Documentation has become imperative for staff to protect themselves as well as those they care for. It is important that while ligation is there to provide justice for those that are harmed or damaged, it is increasingly becoming the issue that is the ‘elephant in the room’ and driving some of the choices around care given. I guess in some ways it is a bit of ‘chicken and the egg’, when fear of litigation grows, staff do more to protect themselves with policies, procedures and paperwork. Staff voiced that this in turn takes them away from caring for the women or makes providing care in the way a woman wants more difficult, this leads to sometimes more failings in care and thus more litigation and so it goes round and round.

No one would dispute that litigation is sometimes needed and sadly this will always be so, however by learning from failings in the care they provide an opportunity to learn from and improve care for staff and families alike. This also means that it is not something to be feared or dreaded but instead, a chance to do better. We can never make birth perfectly safe but we can make it safer, but we must do this with women and staff in mind and not only the fear of litigation.

Work-Life Balance

Another issue staff face is managing of their own families and their vocation of helping women. Many voiced that it is so hard to balance work with a family. Most work 12-hour shifts, often 7 am till 7 pm, and finding childcare that opens early can be difficult and expensive. Not even in hospitals, where staff work, is there childcare provided that is 24/7. If staff are in theatre attending a birth and can’t pick their baby up or contact anyone it is a huge issue. The result of this is that more and more staff are finding they have no option but to leave a profession they love. Staff are admitting that just can’t do the role and also have a balanced family life.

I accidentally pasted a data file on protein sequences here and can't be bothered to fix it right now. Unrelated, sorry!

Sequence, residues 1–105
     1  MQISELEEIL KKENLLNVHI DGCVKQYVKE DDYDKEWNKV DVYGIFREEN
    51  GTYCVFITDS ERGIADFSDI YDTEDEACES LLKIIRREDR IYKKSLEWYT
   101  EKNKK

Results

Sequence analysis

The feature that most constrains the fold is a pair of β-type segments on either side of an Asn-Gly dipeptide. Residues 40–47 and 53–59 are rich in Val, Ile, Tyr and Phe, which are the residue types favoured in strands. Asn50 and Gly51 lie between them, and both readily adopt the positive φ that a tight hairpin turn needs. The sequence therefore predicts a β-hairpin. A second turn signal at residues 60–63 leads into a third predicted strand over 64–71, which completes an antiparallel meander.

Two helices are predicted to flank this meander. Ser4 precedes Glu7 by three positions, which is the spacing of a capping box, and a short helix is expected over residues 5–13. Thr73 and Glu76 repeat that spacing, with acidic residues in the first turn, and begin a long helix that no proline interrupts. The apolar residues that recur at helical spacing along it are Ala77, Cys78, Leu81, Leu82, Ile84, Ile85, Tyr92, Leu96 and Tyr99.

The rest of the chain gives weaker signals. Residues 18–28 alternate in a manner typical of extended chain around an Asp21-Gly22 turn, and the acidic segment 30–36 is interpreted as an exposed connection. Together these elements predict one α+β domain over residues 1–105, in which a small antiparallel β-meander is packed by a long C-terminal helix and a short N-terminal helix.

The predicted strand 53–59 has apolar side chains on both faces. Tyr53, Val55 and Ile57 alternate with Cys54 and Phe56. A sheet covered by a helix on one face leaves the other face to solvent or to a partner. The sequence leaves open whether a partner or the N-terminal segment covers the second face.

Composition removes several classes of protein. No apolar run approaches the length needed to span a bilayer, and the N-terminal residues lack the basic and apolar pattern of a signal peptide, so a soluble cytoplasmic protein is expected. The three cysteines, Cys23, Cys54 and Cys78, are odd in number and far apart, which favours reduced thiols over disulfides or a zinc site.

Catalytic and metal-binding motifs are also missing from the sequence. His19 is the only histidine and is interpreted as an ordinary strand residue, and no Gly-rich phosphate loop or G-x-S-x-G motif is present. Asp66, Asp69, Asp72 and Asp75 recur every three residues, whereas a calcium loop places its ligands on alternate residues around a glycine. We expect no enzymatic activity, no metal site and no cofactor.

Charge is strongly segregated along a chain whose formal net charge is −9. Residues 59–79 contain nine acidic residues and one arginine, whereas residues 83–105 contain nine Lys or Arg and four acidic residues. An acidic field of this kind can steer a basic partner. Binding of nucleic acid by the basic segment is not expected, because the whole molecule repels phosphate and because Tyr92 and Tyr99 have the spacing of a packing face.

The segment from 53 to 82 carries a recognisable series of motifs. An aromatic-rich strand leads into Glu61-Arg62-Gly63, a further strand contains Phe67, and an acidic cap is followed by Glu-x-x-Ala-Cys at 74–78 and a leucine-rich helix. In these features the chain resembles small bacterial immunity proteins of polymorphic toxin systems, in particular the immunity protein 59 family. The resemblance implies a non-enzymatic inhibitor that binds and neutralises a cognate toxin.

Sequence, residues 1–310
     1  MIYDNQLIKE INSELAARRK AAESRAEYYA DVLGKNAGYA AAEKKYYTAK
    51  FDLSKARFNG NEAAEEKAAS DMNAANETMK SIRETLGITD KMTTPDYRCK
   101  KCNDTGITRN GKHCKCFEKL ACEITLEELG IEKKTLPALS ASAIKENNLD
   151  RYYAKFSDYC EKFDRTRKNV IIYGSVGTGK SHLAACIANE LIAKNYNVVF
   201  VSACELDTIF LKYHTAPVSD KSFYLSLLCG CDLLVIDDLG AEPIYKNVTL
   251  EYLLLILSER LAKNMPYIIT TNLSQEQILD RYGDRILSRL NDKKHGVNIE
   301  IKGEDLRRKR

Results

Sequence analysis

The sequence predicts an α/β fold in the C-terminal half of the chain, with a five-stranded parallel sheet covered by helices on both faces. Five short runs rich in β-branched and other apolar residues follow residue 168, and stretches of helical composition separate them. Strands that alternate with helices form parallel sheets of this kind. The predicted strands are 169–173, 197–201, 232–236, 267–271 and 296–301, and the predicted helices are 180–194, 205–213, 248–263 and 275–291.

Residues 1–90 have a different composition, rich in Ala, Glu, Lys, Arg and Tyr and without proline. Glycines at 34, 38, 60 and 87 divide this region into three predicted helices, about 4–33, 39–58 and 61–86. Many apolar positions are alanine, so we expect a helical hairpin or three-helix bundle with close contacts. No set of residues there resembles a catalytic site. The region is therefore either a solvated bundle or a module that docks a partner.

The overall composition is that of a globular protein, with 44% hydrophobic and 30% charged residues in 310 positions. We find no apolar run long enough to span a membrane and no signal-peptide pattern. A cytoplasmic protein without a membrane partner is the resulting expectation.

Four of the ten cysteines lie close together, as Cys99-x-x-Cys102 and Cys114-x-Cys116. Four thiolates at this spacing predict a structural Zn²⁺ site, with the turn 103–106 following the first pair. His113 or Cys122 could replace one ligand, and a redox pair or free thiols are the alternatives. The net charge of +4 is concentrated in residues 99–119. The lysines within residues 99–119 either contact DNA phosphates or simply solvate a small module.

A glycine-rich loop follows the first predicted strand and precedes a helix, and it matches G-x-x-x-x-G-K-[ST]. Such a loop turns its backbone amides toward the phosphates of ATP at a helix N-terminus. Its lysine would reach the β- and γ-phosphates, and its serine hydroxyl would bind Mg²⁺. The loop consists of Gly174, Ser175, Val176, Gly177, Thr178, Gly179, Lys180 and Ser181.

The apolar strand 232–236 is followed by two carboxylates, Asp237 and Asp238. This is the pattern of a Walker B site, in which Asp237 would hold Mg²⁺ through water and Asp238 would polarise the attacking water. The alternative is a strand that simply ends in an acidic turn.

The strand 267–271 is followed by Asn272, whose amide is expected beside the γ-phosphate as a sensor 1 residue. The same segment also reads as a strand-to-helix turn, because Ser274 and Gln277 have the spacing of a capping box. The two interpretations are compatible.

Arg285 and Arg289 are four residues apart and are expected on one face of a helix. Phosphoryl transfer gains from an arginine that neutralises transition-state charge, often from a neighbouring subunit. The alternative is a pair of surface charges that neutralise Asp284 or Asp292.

So I guess this asks the question, when we see that staffing levels are low in our maternity units is this because we need to look at the way we are staffing the units and re-think the pressure we are putting upon staff, especially those with a young family?

Many voiced that they would welcome childcare within the hospital. When new hospitals are being developed and built, why are we not considering childcare provision that means all staff can be near their children, able to collect and pick them up in line with shifts and even perhaps pop in to see their little ones at lunch? Others say that more flexible hours would support them in their job.

We all want to do the best for our families and those that work in maternity are no different. Not only do they want to do right by those they care for, but by their own families too, surely we should be supporting them to do so.

If the culture isn’t right than you can bet the care won’t be too.


Culture was mentioned a lot and it certainly does have a massive impact on staff. When staff are listened to, appreciated, treated with respect and truly valued, this goes a long way in providing a culture that is supportive of staff and helps them in turn to be supportive of families.